Any Linux Live CD usually have fdisk, cfdisk and other tools available
Ranish Partition Manager
# Understanding Linux Filesystem layout:
Directory Navigation Help File
Filesystems, Directories, and Devices Help File
Proper Filesystem Layout
Advanced filesystem implementor's guide (requires registration)

Do I buy a boxed source, download off the internet or buy some cheap CDs?
It's your choice! If you download, I suggest that you check the md5sums on the Linux ISO Images and make sure you know how to burn ISOs in Windows to install Linux
# Cheap CDs
AlmostFreeLinux
Discount Linux CDs
Linux Central
Cheapbytes
TuxCDs
ComputerHelperGuy
CheapISO
Os Heaven
 
Old 11-04-2004, 10:21 PM   #5
kersten78
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fancypiper, thanks for all the info. My win box is a home built Athlon XP 2400+, 512 ram, same mainboard as my current linux box, etc. It's running a full install of winXP pro, so I shouldn't have any of the oem windows problems. The only thing I'm worried about is my Radeon 9550. I'm running an nVidia on my linux box due to bad support for the old radeon i was running. Damn ATI drivers.

Anyway, I think I'm leaning towards using Knoppix (and parted) to resize the windows partitions. And I still can't decide if I want to dive into Gentoo. I may since the box is basically just sitting there between Mathematica sessions...it's not like i'd be losing any time waiting for Gentoo to compile.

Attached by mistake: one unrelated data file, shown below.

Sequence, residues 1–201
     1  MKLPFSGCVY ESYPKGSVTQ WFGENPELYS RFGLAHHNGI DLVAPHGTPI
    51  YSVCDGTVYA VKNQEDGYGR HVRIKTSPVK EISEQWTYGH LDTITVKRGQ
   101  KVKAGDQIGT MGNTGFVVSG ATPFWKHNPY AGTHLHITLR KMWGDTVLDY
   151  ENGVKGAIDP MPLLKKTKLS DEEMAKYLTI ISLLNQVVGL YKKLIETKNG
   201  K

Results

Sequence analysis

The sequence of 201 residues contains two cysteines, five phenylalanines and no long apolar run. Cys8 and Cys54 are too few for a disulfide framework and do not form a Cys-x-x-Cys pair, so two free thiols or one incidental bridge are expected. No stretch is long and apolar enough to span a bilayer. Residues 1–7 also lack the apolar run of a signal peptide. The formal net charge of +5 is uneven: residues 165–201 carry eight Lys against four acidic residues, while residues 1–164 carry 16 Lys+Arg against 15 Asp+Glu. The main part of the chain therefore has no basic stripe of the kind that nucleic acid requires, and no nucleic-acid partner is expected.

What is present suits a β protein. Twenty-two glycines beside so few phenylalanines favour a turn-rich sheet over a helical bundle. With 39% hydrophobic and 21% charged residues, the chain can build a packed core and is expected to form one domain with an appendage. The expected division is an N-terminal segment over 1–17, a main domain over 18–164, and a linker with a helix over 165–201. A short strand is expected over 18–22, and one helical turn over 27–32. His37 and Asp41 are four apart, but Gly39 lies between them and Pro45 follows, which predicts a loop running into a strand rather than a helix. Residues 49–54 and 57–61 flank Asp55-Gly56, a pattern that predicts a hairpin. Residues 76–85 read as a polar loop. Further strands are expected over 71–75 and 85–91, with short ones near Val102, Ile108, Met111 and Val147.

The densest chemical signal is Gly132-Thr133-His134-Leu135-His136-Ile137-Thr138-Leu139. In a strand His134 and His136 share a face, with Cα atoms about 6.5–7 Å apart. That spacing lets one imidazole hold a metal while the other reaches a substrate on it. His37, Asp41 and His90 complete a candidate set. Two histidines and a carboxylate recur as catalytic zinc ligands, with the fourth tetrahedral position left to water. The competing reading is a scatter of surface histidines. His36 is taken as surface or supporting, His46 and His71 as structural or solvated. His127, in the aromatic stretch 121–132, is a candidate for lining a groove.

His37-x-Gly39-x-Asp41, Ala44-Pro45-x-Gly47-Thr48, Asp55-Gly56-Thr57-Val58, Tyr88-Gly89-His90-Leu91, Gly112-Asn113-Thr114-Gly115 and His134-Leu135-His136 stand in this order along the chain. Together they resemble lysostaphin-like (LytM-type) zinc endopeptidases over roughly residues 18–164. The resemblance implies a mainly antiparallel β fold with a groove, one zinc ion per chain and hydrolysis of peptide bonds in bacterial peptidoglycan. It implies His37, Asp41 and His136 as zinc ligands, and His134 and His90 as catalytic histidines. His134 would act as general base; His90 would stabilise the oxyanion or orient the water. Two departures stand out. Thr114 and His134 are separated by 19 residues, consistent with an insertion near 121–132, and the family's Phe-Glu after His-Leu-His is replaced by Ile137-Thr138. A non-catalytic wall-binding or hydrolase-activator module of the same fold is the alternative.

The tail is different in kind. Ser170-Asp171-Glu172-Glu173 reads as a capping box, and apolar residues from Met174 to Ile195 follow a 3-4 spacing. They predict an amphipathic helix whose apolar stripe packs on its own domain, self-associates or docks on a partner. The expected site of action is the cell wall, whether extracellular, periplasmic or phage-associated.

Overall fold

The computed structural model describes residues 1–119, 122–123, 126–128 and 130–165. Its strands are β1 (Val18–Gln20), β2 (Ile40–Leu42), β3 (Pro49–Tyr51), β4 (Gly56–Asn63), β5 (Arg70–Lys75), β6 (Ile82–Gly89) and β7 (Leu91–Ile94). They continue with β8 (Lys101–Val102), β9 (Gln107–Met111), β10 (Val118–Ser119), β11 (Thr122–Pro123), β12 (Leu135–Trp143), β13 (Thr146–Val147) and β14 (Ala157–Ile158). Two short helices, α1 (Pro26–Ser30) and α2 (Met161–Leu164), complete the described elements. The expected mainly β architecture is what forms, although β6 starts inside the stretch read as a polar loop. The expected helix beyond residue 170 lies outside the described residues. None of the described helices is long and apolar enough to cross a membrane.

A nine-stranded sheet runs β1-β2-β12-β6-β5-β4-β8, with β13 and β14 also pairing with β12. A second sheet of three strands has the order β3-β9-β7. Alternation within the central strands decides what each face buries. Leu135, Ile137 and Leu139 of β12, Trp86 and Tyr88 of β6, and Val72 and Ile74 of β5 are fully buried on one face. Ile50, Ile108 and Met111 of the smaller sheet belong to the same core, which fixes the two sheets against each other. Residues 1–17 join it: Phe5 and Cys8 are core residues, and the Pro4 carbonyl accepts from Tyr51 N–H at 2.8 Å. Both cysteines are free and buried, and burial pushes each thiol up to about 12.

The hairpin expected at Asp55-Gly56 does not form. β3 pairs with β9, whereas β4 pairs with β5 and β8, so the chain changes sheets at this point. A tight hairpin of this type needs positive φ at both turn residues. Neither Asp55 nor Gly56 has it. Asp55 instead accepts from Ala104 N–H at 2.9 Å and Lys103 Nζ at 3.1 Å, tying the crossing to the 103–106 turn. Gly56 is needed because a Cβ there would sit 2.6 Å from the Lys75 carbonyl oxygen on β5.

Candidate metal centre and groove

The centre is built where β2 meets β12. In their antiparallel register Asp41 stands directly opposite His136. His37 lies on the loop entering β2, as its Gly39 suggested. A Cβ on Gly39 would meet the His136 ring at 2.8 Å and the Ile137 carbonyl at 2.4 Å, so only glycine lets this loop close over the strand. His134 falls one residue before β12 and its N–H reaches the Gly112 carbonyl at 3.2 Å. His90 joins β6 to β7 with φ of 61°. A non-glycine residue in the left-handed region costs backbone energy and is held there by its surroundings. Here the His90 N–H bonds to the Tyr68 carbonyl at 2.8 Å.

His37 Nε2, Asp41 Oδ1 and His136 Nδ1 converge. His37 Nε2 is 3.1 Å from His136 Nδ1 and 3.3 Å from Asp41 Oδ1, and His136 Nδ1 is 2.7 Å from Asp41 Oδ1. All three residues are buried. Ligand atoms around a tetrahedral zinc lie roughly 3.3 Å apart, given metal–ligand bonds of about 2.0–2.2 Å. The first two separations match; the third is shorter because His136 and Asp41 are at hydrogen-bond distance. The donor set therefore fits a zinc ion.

I do have Mandrake 10 floating around somewhere. The NTFS resizer sounds interesting...that might be easier than screwing around with parted, although I haven't used either one with NTFS partitions before.

Thanks for the input everyone, and if anyone has any other pointers for me, let me know. I think I'll probably dive into it sometime this weekend.
 
Old 11-05-2004, 02:05 AM   #6
fancypiper
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You gotta hotter box than mine (Win XP). I have a 950 Mhz Duron, 1 gig ram, 80 gig 7200 rpm hard drive, and nvidia 64 mb vid card. All I do is play games with it and use one graphics editor I like. I have an ISP that I never could get Linux to display what is on the server with any ftp prog I could find, so I do use WSFTP-LE occasionally on it.

My workbox (Linux only) is a 850 Duron, 512 MB ram, with 2 80 and a 40 gig for hard drives.

You can always enjoy Knoppix during the Gentoo install, of course. That's how I plan installing on my gaming box (Windows XP) when I get a new hard drive I have ordered for it.

I just feel safer with separate drives. I can un-plug them during Windows installs and then Microsoft can't see it and fsck it up.
 
Old 11-05-2004, 08:34 PM   #7
jschiwal
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Actually, the SuSE installation program uses parted to resize the NTFS partition. Mandrake uses code written by Partition Magic. ( Although I don't know about the latest Mandrake distro's 10 & 10.1 ). I was able to resize the NTFS partition on my HP laptop using the SuSE installaton. ( I wanted to try out a 64 bit OS for my AMD64 ).

If something goes wrong with the boot loader installation, grub can make it easier to boot up anyway, thanks to auto-completion in the command mode.
 
Old 11-05-2004, 09:14 PM   #8
kersten78
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Thanks for the input everyone. I tried out parted on a Knoppix cd and ran into some problems. Not sure if it was due to the stuuuuupid logical partitions set up by windows or what. So I started a Mandrake 9.2 installation, resized, quit, restarted windows, and everything is fine. I know have space for /swap, /, and /home. Now I have to decide if I really want to try out Gentoo....